A woman in San Francisco's predominantly African-American Bayview district has re-entered the home her family had lived in for 52 years before being evicted in January due to a foreclosure.
"If you ask me the question 'Why are you doing this,' I am here today because I'm reclaiming my home," Carolyn Gage told a crowd of about 60 in front of her home.
Gage said she lost the home her father built because she had been defrauded by a now-bankrupt predatory lender. The company that then took over the loan was Bayview Mortgage Capital in Coral Gables, Fla. and refused to work with Gage to save her home.
"I've attempted to pay my mortgage, tried to modify the loan, even sued them, but they haven't worked with me," she told the San Francisco Chronicle.
The Bayview district has been the hardest hit San Francisco neighborhood when it comes to foreclosures. Close to one-third of the San Francisco homes that were facing foreclosure in August are in that neighborhood along, according to the Chronicle.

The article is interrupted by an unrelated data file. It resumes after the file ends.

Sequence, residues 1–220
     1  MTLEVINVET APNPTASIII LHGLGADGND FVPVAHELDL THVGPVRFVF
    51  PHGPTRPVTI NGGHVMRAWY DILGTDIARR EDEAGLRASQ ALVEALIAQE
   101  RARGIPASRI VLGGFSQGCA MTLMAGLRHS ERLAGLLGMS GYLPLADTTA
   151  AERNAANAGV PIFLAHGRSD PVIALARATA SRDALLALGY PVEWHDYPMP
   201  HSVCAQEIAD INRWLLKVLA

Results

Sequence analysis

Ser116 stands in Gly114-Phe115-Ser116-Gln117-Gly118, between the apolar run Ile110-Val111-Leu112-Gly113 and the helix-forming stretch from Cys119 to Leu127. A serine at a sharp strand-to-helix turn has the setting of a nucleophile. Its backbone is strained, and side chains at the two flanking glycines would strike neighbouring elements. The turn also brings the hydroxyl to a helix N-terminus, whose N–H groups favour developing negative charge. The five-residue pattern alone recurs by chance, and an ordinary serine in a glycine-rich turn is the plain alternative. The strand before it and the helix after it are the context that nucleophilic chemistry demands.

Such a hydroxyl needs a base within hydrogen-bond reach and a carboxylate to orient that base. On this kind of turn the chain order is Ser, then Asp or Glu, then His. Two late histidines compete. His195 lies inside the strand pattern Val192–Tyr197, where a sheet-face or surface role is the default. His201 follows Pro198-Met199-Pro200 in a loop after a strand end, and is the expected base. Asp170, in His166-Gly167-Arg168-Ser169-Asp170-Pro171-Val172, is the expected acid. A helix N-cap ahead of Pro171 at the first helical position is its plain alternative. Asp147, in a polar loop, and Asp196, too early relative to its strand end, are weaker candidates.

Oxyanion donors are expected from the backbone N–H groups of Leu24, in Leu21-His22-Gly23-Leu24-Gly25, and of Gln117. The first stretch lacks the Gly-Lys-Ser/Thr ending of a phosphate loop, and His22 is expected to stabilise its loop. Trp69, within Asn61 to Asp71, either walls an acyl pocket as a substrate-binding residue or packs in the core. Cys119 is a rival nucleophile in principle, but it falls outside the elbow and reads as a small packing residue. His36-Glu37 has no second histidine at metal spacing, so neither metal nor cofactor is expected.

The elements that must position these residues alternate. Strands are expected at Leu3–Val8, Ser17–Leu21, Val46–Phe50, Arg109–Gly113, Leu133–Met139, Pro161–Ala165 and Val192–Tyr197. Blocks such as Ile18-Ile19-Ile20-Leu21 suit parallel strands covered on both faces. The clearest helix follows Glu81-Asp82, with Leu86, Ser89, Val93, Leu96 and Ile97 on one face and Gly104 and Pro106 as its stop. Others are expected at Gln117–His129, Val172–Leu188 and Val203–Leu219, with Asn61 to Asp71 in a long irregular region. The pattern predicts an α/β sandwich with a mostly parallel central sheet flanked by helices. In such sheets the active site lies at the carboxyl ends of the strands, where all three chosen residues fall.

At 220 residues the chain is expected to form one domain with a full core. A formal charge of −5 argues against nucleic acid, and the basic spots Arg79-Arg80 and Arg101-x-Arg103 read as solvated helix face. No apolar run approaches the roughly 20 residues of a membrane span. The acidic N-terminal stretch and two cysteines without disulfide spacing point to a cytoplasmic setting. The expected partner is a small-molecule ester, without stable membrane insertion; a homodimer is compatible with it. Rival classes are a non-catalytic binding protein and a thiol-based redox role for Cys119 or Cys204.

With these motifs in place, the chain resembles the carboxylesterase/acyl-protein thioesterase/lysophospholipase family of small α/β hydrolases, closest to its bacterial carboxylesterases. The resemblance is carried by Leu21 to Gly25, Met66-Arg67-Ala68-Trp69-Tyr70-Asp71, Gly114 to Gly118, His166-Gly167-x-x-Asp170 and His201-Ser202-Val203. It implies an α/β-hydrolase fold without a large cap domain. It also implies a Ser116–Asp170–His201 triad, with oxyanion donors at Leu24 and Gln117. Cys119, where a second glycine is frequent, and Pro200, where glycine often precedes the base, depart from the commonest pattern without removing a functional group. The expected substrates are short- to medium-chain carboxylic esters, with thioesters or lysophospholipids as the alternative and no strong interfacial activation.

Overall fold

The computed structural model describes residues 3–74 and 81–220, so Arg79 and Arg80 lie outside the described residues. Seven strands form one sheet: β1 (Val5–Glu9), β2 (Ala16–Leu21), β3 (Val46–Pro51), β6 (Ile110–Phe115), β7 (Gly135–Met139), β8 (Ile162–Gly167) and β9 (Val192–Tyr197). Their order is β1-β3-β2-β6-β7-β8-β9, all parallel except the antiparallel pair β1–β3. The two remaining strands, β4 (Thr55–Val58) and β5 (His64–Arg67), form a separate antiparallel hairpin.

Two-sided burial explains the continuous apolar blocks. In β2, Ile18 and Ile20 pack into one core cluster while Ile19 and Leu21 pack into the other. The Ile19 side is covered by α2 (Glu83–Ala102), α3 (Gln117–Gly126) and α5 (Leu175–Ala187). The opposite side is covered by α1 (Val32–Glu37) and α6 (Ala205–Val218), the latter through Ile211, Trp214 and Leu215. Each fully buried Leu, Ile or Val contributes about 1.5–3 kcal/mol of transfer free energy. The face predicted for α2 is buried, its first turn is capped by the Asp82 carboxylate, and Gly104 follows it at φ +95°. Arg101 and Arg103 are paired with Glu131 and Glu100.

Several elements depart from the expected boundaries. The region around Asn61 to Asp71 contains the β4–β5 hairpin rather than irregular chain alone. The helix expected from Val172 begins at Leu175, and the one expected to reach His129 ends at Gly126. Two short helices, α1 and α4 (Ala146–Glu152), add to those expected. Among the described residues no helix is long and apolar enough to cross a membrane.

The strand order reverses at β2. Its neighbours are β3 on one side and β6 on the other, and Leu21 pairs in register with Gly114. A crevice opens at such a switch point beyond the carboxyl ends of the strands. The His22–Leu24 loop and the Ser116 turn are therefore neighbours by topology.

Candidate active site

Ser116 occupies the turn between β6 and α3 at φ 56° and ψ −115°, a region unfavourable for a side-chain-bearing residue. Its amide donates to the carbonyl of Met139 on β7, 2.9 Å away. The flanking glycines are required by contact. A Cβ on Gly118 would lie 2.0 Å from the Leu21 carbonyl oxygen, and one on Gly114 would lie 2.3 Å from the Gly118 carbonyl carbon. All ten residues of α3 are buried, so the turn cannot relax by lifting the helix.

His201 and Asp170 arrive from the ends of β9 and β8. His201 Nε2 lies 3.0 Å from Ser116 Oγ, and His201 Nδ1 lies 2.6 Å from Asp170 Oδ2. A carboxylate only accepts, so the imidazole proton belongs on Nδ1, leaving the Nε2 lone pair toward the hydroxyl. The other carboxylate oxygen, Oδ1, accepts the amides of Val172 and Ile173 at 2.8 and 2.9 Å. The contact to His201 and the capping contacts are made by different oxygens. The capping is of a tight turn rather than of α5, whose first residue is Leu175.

According to figures provided by RealtyTrac, which tracks foreclosures nationwide, more than 1,400 homes in the Bayview's 94124 ZIP code area will have been foreclosed on by 2012.
Black and Latino neighborhoods across the country are in a similar position. A study published in 2010 found one in five of both Black and Latino homeowners were at the brink of foreclosure.
Check out the infographic below that illustrates who's being affected the most by foreclosures.